On a spectacular fall day at Bon Secour National Wildlife Refuge, wildlife biologist Jackie Isaacs slowly drove an all-terrain vehicle along the beach, watching to make sure all was well.
Since the Deepwater Horizon oil spill, Isaacs and other refuge officials have been especially busy overseeing the natural beauty — and sanctity — of the refuge, making sure the habitat for scores of birds, the home of the beach mouse, and the nesting place for sea turtles, remains a haven for a diversity of species.
Some species, such as the loggerhead sea turtle, she said, are threatened. Another species of turtle, the Kemp’s ridley, is endangered.
The main portion of the refuge is located about 10 miles down the Fort Morgan peninsula on Ala. 180. There is a smaller section with beachfront at Fort Morgan.
“We’ve been cleaning 6 miles of beach altogether,” said Isaacs.
Accompanied by Maury Bedford, Fish and Wildlife complex manager, Isaacs stopped to visit with men and women involved with the ongoing clean-up operation.
At one point, a clean-up crew used an excavator to scoop up sand in the shallows just offshore, part of a process to separate chunks of oil and dispose of it.
Since sea turtles lay their eggs deep beneath the sand, the oil could be potentially harmful to the eggs.
Isaacs said that a goal is to have the refuge beach free of oil, even deep below the surface, by the spring. That’s when sea turtles head to shore for their yearly, nocturnal nesting ritual.
“Hot mamas and cool papas,” she said of the turtles. Translation: the temperature of the sand tends to determine the sex of a sea turtle before it hatches.
In south Florida, she said, many hatch as females. The slightly cooler sands of the south Alabama produce mostly males.
Each female loggerhead lays eggs two or three times per season, always at night, covering them up deep in the sand. Each nest has about 120 eggs, she said.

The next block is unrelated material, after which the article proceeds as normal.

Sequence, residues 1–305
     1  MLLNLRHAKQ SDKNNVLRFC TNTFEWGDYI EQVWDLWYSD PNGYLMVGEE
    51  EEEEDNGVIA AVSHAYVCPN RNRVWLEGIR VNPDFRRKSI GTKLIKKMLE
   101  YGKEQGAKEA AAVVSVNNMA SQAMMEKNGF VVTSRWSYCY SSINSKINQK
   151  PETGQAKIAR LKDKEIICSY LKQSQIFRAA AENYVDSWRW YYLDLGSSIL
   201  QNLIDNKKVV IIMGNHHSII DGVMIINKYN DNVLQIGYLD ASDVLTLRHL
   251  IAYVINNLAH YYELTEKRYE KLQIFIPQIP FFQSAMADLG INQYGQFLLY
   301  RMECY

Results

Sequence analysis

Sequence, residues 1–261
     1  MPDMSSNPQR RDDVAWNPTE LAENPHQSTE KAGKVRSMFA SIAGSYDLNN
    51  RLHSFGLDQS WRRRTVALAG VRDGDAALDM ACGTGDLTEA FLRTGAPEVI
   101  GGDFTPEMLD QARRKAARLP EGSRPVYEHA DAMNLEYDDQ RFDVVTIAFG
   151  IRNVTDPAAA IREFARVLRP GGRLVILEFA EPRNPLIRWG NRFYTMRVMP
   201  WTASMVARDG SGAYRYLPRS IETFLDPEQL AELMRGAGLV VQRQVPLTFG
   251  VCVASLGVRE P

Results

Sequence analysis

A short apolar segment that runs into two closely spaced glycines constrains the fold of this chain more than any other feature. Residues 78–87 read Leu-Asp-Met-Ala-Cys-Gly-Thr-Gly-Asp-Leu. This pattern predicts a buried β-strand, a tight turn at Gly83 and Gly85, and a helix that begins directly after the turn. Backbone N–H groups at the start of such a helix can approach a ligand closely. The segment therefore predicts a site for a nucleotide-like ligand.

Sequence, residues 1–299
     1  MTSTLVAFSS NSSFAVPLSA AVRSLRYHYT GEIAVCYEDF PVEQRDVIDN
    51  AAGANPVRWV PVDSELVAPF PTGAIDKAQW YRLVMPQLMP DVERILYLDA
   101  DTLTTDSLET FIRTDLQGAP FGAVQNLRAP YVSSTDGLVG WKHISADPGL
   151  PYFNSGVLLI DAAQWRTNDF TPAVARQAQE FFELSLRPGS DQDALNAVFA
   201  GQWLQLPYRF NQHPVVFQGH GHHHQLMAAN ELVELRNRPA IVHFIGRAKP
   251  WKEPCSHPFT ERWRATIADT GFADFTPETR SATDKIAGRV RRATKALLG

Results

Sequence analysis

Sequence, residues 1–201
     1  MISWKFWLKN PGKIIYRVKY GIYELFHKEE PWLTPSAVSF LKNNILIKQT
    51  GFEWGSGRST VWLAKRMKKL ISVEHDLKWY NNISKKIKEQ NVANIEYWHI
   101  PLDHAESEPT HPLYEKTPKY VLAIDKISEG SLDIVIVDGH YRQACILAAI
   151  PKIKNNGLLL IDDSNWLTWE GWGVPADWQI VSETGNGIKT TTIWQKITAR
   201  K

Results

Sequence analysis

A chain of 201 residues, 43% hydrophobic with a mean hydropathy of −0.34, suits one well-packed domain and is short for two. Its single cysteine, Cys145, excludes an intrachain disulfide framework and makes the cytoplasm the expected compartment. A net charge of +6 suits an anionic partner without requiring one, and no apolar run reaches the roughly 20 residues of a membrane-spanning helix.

By the time the baby turtles hatch, they are already at risk — entering the Gulf often to be swallowed up by predators. Only a small number make it through to grow to adult size.
Isaacs said another concern during the summer was that oil from ruptured well would foul beach mouse habitat. Precautions were taken, building up barriers with sand and sea oats.
The beach mouse, she explained, is a vital part of the food chain along the shore.
Refuge officials also worried about maintaining their pristine beaches for human visitors.
Even though there is only a small parking lot near the entrance to the beach — and no public restroom facilities — the site draws many fans.
On a recent afternoon, as clean-up workers sifted for oil residue to the east, fishermen to the west hurled their lines in the surf, while two swimmers braved the chilly water.
Isaacs said the number of visitors to the refuge declined this summer, but she stressed that the oil spill did not impact the 6 miles of trails that wind through the piney woods.
There is no reason, she said, for people who are interested in the wildlife refuge to stay away because of oil.
Toward the east end of the refuge, a berm was built up to keep oil from slathering over the beach into what’s known as Little Lagoon.
In an area off-limits to the public, Isaacs took a short hike to look around. The area had remained oil free throughout the oil summer — a success.
For Isaacs, 29, a Connecticut native who studied marine biology at University of North Carolina-Wilmington, working at the wildlife refuge is both a challenge and a delight.
“It’s a great place not only to work, but I enjoy it on a personal level as well.”
As she returned to her vehicle and started back along the beach, thousands of shore birds lifted up and turned in a great whirl in the sky.
See video here: http://blog.al.com/live/2010/11/cleaning_bon_secour_national_w.html